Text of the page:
I’m talking about our bedroom. Well yes, there must be
something holding up the ceiling but I can hardly find it. 51 pictures paper the partitions. I just counted them. We have five bold Polish movie posters, 25 photos from trips, a few art posters, a batik and the rest are family photographs. Add to this 14 book cases and the walls are gone….but closing in.
I pity the landlord when the time comes to move. He will
need a ton of spackle and a dozen coats of industrial strength paint to restore the wall to its virgin state. If a tsunami should ever reach us we can float away on the raft of ancestors and offspring.
Albums of our travels transport me from the standing
stones of Salisbury to Gaudi’s fevered mosaics, from the canals of Bruges to Alaskan glaciers. Any one is a window to a charged destination.
Here is picture of my brother, Arthur, and me, circa age
three. I can’t quite find my face in this shot. Then again I’m not at all sure I would recognize myself today if I met me in a telephone booth. My brother was an only child for four years. I can see some sadness around his eyes. He’s trying hard to be obedient. Around my 30th birthday I became an only child. The cause of his death was the weight of heavy and great expectations. He drove into a mountain wall perhaps looking for a seam. The car couldn’t handle the turns at that speed and blood alcohol.
Below that picture is one of my father and mother. He would become Spencer Tracy to me but she could never be Kathryn Hepburn; more like the elderly Shelley Winters. They tried to be perfect parents. What they offered worked for me but not for Arthur.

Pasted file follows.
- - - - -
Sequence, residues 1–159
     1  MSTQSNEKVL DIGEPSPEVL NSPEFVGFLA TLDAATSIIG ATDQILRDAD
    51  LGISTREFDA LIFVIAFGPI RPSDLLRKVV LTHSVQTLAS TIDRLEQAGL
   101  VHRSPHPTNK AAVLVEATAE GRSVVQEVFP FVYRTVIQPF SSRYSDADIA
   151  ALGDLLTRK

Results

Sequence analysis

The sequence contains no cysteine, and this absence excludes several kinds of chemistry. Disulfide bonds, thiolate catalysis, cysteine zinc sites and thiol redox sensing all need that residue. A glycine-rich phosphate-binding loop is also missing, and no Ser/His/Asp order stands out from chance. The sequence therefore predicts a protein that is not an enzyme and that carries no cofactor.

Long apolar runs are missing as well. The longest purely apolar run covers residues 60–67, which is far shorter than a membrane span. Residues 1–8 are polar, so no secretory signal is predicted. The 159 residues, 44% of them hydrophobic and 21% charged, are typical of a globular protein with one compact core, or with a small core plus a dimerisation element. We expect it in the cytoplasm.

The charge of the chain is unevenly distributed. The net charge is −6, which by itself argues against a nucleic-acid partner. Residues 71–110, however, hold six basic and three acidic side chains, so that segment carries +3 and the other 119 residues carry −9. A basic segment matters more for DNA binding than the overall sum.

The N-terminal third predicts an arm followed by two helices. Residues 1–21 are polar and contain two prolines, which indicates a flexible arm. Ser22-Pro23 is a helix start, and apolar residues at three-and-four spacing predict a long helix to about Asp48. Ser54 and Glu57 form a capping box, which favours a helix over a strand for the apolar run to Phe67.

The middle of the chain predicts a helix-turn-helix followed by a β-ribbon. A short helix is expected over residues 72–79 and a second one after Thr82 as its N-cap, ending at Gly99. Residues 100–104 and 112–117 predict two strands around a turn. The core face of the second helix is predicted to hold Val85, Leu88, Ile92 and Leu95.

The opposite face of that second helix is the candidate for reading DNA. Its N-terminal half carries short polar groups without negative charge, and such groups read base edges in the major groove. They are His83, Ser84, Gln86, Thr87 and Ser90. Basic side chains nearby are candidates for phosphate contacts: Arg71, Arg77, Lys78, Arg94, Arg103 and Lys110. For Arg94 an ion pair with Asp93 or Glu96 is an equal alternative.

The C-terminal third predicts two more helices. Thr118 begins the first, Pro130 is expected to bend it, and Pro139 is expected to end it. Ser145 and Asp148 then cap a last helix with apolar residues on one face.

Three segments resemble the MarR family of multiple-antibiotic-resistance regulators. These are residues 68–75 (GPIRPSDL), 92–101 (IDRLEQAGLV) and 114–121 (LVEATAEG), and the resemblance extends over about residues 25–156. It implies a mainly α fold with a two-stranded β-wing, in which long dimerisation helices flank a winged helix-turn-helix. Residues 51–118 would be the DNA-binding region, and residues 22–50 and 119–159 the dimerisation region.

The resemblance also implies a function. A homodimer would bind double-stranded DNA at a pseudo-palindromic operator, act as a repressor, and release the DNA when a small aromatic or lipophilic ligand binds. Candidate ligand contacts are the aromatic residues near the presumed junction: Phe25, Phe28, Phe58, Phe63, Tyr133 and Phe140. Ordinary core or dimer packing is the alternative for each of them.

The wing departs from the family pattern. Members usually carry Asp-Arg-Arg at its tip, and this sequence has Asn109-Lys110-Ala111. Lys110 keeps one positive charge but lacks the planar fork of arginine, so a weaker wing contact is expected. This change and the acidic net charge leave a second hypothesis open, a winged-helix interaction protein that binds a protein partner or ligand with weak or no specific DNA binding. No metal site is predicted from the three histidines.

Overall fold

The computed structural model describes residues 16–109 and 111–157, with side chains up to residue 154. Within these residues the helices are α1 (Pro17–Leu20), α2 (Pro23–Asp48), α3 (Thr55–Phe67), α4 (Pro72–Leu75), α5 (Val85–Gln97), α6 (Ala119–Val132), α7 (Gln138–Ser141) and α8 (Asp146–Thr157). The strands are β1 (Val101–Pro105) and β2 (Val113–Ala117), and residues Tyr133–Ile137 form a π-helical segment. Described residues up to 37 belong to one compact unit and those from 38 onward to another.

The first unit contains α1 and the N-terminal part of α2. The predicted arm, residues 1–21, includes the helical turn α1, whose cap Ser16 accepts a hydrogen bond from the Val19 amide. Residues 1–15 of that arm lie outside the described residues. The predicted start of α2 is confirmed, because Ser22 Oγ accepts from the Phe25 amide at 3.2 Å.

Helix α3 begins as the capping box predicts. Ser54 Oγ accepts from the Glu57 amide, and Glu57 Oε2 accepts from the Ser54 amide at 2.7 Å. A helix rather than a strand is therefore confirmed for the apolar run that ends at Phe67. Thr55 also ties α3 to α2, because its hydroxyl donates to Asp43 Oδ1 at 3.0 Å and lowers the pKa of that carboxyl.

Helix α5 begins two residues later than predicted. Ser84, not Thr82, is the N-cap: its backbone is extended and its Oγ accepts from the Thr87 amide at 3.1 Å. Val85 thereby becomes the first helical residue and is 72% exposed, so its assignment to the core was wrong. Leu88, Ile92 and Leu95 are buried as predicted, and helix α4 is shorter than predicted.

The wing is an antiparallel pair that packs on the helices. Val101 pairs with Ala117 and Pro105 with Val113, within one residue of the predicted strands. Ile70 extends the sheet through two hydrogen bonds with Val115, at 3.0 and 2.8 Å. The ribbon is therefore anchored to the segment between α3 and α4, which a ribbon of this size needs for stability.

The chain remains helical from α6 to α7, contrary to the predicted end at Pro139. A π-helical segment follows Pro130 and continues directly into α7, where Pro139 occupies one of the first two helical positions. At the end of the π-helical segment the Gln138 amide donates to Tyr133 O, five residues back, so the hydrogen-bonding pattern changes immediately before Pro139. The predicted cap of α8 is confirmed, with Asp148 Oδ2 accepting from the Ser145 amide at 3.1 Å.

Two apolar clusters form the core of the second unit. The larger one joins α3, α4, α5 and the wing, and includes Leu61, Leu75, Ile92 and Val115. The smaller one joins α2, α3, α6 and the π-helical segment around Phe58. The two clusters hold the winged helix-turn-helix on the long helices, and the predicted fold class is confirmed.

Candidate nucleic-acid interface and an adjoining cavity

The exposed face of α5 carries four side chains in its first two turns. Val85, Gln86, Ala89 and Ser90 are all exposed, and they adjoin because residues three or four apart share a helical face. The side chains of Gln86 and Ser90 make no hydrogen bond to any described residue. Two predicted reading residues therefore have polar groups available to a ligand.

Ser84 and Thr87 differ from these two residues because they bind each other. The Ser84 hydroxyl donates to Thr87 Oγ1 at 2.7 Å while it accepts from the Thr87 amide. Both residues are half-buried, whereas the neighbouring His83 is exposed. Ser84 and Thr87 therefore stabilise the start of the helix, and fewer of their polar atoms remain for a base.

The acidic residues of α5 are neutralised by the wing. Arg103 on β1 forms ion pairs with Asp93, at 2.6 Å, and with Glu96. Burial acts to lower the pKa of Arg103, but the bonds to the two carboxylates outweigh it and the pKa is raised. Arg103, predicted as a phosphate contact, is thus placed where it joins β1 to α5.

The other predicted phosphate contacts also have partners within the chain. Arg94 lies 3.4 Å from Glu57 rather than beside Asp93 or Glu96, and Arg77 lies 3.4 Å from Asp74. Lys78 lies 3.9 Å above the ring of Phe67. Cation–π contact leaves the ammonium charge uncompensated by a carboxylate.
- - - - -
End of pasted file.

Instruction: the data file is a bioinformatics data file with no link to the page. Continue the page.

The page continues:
My daughters-three also keep me company at various ages wearing well whatever damage I caused them. The problem with parenting is that we are groping our way along at the same time our children are. In fact the journey never stops but they have forgiven me my stumbles. Many lifetimes chronicle this room I wake into every morning.
And there are ghosts as well for Peggy whose daughter’s allotted time was cruelly shortened by cancer. Unsaid words still hang in the air. My step-son and his wife along with Peggy’s parents she hardly knew fill another wall that isn’t there. I almost forgot our unforgettable grandchildren whose smiling faces illuminate the dawn’s early light.
There are voices in discourse bouncing off the shelves. The bookcase contains volumes which survived the last attempt of winnowing. How can we part with our William Trevor collection or Virginia Woolf or Eudora Welty? Then there are the journals of Camus and G. Manley Hopkins, letters of Keats and Faulkner, correspondences, diaries, memoirs. In front of the books are sentinels of ceramic pieces, wind-ups toys, fossils, very special greeting cards and assorted objet d’art.
The pillow is a repository of my dreams. When I’m not late for trains and planes or searching for my parked car I find myself having super idyllic dreams. Last night I was walking in amaze through rolling fields near Dodger Stadium at Elysian Park. The stretch of greenery was terraced leading down to the Pacific. This was one of many such, all of them in verdant settings I’m reluctant to leave.
This room is a sanctuary. A somewhat cluttered space with scrupulously half-read New York Review of Books and a stationary bike I have pedaled from Patagonia to the Punjab. In the waking-up time poems and prose are sprung, half-in half-out of my mind. With Peggy at my side supplying needed oxygen I wouldn’t change a thing.